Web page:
Sunday, November 21, 2010

Slavery Gets Oh-So-Marginally Better

Chapter 18 features the return of Jethro, Moses' father-in-law, who gives him what is apparently a ridiculously long-overdue lecture on the merits of delegating. Moses has apparently been personally handling every quibble and confusion that arises in our group of extremely whiny nomads, and is nearing burn-out. He appoints an entire hierarchy of trustworthy men to govern subgroups in sizes of tens, fifties, hundreds and thousands, to teach the laws, tell everyone what work to do, and "show them the way wherein they must walk" which seems like it might be overkill, but I suppose God is nothing if not a stickler for detail.

Next, preparations for God's descension to Mount Sinai, where Moses will receive the Ten Commandments, thought to be the fundamental basis of our legal system by people who presumably are totally unfamiliar with either the ten commandments, our legal system, or both.

As far as I can tell, the rules given in Chapters 20-24 happen before Moses goes up the mountain; either God is just talking to himself, or he has no problem with giving out rules, including the Ten Commandments, without three days of cleansing and hullabaloo.

Most notably, we get a ton of super creepy slavery rules! If you buy a Hebrew, you have to let him go in seven years for free, but if he gets a wife from you then you get to keep her and all their kids-I guess the seven year limit doesn't apply to Hebrew women? Or children? Or maybe you are giving your servant non-Hebrew wives or something. If your servant doesn't want to abandon his entire family, he has the option of committing to lifelong slavery, at the low low price of getting stabbed through the ear. Also you are NOT allowed to beat your slaves to death, unless it takes your slave a day or two after said beating to actually die, in which case hey, your money, your business. Careful not to blind your slave or knock out any teeth, though, because if they survive, they get their freedom! I get the impression this explicit out was conveniently ignored during our country's sordid pro-slavery past.

If you dig a pit and someone's ox falls into it and dies, you have to buy it, so careful. "You break it, you bought it" also applies to virgins, btw.

Most interesting to me is the context in which we find the famous "Eye for an eye" passage:

[21:22] And if men strive together, and hurt a woman with child, so that her fruit depart, and yet no harm follow; he shall be surely fined, according as the woman's husband shall lay upon him; and he shall pay as the judges determine.
[21:23] But if any harm follow, then thou shalt give life for life,
[21:24] eye for eye, tooth for tooth, hand for hand, foot for foot,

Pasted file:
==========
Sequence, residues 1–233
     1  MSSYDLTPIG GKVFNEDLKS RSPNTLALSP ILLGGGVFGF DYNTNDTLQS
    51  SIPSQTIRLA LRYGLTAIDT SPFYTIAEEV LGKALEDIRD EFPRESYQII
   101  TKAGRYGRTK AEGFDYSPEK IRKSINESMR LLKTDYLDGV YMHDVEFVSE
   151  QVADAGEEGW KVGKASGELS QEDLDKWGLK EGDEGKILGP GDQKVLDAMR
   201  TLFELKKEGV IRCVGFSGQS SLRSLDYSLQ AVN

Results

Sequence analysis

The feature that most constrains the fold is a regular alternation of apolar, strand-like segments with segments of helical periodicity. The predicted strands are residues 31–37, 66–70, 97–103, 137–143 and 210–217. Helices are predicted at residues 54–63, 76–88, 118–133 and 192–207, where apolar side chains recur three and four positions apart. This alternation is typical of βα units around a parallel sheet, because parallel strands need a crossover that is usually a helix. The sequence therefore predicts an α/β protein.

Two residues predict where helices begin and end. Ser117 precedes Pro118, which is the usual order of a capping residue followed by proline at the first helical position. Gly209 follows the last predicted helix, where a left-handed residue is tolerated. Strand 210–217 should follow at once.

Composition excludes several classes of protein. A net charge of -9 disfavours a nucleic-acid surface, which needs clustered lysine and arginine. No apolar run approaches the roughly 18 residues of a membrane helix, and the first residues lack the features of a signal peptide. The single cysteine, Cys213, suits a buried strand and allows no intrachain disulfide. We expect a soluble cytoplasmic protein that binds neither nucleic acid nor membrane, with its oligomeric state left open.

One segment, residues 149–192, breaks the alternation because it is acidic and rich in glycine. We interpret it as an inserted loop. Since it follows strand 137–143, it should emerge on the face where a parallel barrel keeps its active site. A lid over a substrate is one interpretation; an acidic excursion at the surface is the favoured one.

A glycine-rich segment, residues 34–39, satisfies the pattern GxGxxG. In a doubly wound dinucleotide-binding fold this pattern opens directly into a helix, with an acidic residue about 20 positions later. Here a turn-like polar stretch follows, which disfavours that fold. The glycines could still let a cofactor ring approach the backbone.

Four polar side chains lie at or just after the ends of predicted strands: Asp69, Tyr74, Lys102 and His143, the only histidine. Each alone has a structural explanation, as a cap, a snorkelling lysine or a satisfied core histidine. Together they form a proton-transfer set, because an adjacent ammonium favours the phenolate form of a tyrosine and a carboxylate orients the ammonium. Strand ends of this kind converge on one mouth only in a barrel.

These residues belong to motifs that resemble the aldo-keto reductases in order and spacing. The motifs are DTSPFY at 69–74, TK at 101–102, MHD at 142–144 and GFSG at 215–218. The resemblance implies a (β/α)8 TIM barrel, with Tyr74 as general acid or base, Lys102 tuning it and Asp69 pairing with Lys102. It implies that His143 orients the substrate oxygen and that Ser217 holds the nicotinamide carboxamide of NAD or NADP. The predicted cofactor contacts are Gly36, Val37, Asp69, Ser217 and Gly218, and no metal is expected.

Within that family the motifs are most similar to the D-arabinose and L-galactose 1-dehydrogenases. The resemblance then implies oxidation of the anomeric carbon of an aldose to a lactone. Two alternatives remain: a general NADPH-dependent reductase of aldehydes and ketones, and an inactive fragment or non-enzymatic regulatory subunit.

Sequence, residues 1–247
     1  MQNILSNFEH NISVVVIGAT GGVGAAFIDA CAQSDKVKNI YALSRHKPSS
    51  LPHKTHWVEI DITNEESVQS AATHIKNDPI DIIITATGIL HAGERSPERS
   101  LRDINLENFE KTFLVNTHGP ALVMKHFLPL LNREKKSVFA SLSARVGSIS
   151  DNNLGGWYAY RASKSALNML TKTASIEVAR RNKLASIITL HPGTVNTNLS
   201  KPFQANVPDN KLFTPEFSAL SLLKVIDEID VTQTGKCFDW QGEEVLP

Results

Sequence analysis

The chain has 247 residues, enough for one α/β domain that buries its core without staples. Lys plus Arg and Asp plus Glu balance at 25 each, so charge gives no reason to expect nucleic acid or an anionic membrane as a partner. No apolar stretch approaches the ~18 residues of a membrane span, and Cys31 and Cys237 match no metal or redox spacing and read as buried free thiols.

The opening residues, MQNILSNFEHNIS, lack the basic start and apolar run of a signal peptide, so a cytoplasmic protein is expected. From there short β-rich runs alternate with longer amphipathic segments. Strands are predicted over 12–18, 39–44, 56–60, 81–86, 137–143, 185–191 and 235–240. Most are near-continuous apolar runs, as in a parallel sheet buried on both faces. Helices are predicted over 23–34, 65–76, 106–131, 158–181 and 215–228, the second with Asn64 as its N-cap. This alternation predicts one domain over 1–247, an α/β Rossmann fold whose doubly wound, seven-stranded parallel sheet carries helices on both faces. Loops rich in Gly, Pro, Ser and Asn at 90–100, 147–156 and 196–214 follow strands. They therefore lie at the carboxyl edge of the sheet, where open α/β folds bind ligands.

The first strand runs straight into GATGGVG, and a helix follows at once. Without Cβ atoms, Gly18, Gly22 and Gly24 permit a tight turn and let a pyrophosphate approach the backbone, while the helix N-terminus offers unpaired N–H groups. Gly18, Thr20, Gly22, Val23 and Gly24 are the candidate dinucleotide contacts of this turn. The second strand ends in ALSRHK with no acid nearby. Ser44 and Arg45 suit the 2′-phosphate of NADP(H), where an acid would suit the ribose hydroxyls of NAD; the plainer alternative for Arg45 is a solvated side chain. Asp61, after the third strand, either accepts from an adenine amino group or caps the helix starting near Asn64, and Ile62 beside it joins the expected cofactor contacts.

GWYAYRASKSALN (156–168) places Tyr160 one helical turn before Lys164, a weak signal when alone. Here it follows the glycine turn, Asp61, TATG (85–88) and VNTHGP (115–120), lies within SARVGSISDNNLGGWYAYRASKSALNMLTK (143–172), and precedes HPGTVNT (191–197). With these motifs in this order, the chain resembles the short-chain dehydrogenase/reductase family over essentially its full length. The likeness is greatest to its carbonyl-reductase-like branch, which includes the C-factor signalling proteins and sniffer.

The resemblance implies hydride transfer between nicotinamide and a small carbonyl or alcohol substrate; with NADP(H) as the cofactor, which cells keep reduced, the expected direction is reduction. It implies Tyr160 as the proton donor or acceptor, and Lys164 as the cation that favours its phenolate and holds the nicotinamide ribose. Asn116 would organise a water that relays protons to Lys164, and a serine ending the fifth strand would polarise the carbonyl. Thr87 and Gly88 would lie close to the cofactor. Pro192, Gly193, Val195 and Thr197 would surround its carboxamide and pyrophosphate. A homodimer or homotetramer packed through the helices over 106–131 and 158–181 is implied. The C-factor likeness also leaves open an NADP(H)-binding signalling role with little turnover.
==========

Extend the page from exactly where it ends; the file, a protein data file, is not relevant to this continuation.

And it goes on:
[21:25] burning for burning, wound for wound, stripe for stripe.

That's right, gang-beating a woman to miscarry warrants a fine. That has to be more morally despicable than a clinical abortion procedure, and yet it is a slap-on-the-wrist offense. Right there with the most explicit vengeance morals in the Old Testament, it clearly says fetuses don't count. Kind of puts a kibosh on the logic of blowing up abortion clinics, don't you think?

3 comments:

  1. Wow, that is amazing! How is it that in all the reading I've done on pro-choice ideas and weird things in the Bible, I've never noticed that one? Needs to be publicized to the groups that attack clinics, but I bet they'd wave it away somehow and not care.

    Also interesting is that it seems to be saying that whole eye for an eye thing refers to hurting a woman so as to cause her harm (how do you hurt someone without harming them?). What did wife-beaters through the ages think about that one? Probably that they get a special exemption if they're the husband. So I guess its saying that its ok to beat a woman and cause a miscarriage, but if you cause any permanent scars you're in trouble.

    In the twisted minds of clinic bombers, I bet the key difference here is that in this passage, the woman doesn't want to have an abortion. Presumably it is much much worse in god's eyes to choose not to have a baby than it is to be the victim of a violent assault that results in the loss of said potential baby. Meanwhile, though, the violent assaulters are ok, because.... they are men? They aren't responsible for babies? I don't get it.

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  2. Congratulations. Unless there's a secret 11th Commandment that got left out of everyone else's version of the Bible but those of the crazies which reads "Thou Shalt Shoot George Tiller And His Ilk While They're Walking Out Of Church," you've officially mastered all the Bible has to say on the subject of abortion. The only verse. At all.

    I feel like a lot of Bible literalists would be exceedingly shocked if they, you know, *actually read the thing.* Sigh.

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  3. Why are there special laws for collateral damage to pregnant women anyway? Is the punishment for the eye of a nonpregnant woman less than one eye? If you do it on purpose is it more than one eye for an eye?

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